Apollonius of Tyre

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Then Apollonius took the letters and went to the royal hall. When the maiden saw Apollonius she said: ‘Master, why do you come alone?’ Apollonius said: ‘Lady, you are not yet a wicked woman. Take these letters which your father has sent you and read them.’ The maiden took them and read the three young men’s names, but she could not find the name she desired there. When she had looked over the letters, then she looked round at Apollonius and said: ‘Master, would it not offend you if I were to choose a husband in this way?’ Apollonius said: ‘No, but I would be much happier if you were able, because of the tuition that you have received from me, yourself reveal in writing which one of them you desire. My wish is that you choose a husband whom you desire for yourself. The maiden said: ‘Alas, master, if you loved me, you would grieve about this.’ After these words, determined of mind, she wrote another letter and sealed it and gave it to Apollonius. Then Apollonius took it out into the street and gave it to the king. That letter was written like this: ‘You good king, and my most beloved father, now that your loving kindness has given me leave that I myself might choose whichever husband I desired, I say to you in truth that I want the shipwrecked man. And if you wonder that such a modest woman wrote these words so unhesitatingly, then you should know that I have announced by means of wax, which does not know any shame, what for shame I could not tell you myself.’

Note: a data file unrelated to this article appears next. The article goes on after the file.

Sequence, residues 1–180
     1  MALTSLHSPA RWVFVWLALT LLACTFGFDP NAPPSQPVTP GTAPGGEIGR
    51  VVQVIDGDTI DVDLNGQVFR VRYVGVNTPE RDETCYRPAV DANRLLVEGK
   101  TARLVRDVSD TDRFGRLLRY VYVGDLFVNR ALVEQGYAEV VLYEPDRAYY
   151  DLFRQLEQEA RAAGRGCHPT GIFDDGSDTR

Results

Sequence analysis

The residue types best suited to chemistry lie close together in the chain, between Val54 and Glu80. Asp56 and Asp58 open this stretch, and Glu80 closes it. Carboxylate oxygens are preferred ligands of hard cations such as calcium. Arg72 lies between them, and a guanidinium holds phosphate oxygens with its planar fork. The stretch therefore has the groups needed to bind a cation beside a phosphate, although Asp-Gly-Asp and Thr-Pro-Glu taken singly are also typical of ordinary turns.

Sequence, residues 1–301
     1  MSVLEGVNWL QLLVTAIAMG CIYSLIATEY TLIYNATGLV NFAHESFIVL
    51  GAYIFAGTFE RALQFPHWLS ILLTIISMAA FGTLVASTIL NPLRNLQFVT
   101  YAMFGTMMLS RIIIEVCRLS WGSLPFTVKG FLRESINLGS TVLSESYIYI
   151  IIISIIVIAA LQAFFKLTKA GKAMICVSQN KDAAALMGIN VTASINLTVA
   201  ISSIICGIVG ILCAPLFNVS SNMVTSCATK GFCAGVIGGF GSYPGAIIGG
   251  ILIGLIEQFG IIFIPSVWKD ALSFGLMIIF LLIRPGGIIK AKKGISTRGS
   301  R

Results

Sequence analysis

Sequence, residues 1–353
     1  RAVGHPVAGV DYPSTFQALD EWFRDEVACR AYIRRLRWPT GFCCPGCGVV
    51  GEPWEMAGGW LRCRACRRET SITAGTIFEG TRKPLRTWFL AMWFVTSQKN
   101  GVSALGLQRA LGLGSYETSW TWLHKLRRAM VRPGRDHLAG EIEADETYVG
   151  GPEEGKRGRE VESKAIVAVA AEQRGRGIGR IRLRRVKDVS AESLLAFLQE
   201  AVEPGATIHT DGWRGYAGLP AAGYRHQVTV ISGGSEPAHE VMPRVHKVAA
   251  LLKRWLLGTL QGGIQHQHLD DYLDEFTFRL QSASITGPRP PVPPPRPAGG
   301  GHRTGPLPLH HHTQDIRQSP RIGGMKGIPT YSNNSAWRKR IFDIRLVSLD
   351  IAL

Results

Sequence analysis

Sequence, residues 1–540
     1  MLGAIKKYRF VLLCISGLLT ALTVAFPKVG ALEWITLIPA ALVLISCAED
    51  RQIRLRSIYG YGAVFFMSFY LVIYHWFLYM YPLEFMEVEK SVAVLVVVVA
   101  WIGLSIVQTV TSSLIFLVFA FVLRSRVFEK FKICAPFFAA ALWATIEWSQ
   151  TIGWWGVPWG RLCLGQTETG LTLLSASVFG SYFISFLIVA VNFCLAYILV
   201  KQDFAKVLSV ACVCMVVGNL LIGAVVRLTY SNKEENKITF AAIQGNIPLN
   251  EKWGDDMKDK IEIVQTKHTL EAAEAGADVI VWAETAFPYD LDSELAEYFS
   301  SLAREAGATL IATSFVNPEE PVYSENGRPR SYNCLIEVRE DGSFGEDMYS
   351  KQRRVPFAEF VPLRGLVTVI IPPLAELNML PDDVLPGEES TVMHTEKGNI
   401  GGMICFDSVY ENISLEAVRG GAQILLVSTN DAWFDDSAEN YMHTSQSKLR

When the king had read through the letter, he did not know which shipwrecked man she referred to. Then he looked round at the three young men and said: ‘Which of you is shipwrecked?’ Then said that one of them who was called Ardalius: ‘I was shipwrecked.’ The other answered him and said: ‘You shut up; a plague take you so that you become neither healthy nor sound. With me you studied scholarship, and you have never been outside the city gates without me. Where did you suffer a shipwreck?’